IMF Executive Board Concludes 2007 Article IV Consultation with Hungary

Public Information Notice (PIN) No. 07/87
July 26, 2007

Public Information Notices (PINs) form part of the IMF's efforts to promote transparency of the IMF's views and analysis of economic developments and policies. With the consent of the country (or countries) concerned, PINs are issued after Executive Board discussions of Article IV consultations with member countries, of its surveillance of developments at the regional level, of post-program monitoring, and of ex post assessments of member countries with longer-term program engagements. PINs are also issued after Executive Board discussions of general policy matters, unless otherwise decided by the Executive Board in a particular case. The staff report (use the free Adobe Acrobat Reader to view this pdf file) for the 2007 Article IV Consultation with Hungary is also available.

On July 18, 2007, the Executive Board of the International Monetary Fund (IMF) concluded the Article IV consultation with Hungary.1

Background

Investor sentiment towards Hungary improved after intense financial market pressure in mid-2006. The improvement was helped by the government's announcement of a fiscal consolidation package to contain the runaway fiscal deficit. The measures helped contain the 2006 fiscal deficit, which rose to 9.1 percent of GDP. Since mid-2006, the exchange rate, which had weakened to a low of F285 per euro in June, has appreciated and its volatility has come down. About one-half of the appreciation reflected renewed bullishness for central European economies, while the other half was attributable to a more benign view of Hungary.

However, vulnerabilities remain. The public debt is about 66 percent of GDP. Although the current account deficit fell to 5.8 percent of GDP in 2006, net financing needs remained at about 9 percent of GDP and the external debt reached 91 percent of GDP.

Growth deceleration from early 2005 brought GDP growth to 3.9 percent in 2006 and 2.7 percent in the first quarter of 2007. Consumption growth weakened further after the announcement of the fiscal consolidation package in mid-2006; gross domestic capital formation has fallen in the past year. Export growth, which has maintained its strength, was sustained by a shift from European and U.S. markets to fast-growing emerging European markets. Inflation surged to 6.5 percent year-on-year in the last quarter of 2006 primarily owing to the one-off effects of the hikes in taxes and regulated prices to support fiscal consolidation. After reaching 9 percent in March 2007, inflation fell to 8.5 percent in May, as the one-off effects apparently peaked.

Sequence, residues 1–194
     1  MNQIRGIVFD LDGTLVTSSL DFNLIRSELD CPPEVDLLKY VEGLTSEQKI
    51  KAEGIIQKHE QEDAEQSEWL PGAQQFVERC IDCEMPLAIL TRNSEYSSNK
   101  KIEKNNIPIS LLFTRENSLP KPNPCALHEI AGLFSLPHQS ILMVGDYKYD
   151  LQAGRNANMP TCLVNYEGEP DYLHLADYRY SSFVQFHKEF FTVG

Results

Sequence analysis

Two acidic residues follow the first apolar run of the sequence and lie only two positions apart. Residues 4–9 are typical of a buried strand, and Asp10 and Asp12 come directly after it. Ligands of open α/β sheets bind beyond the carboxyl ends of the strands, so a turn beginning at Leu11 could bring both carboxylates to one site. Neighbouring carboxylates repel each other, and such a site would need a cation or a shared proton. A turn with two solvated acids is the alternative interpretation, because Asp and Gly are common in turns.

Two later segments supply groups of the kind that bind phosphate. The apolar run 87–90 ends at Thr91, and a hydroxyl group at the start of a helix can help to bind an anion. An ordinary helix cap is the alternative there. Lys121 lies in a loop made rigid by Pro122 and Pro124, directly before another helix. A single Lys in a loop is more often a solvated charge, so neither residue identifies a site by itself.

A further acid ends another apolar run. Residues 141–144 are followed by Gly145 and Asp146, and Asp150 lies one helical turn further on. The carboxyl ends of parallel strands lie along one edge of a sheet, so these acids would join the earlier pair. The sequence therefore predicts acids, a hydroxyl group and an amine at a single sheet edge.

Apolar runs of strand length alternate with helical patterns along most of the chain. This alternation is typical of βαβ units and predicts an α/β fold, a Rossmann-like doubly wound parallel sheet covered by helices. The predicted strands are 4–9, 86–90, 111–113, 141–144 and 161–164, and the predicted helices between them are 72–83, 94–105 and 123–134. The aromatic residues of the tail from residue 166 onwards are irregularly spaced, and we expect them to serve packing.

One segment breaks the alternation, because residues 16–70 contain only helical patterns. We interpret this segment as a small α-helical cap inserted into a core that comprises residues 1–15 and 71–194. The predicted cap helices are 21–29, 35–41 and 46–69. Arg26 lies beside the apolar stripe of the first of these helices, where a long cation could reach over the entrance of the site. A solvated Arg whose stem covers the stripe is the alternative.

Bank borrowing, especially in foreign currencies, decelerated in 2006 with the weakening domestic demand. Although the unhedged exposure of borrowers to foreign currency loans generates credit risks for banks, the share of foreign currency loans in total loans stabilized in the second half of 2006 at 54 percent of all loans. Banks appear capable of managing new stresses and challenges with significant financial buffers, as capital adequacy ratio is at a healthy level and profitability remains high. Furthermore, the Financial Supervisory Authority has used its market-risk stress tests to require strengthened capitalization and risk management practices in major banks.

Executive Board Assessment

Executive Directors congratulated the Hungarian authorities for their resolute efforts to rein in the budget deficit and rebuild fiscal credibility. Markets have responded favorably to the deficit-reduction measures and access to funds has eased.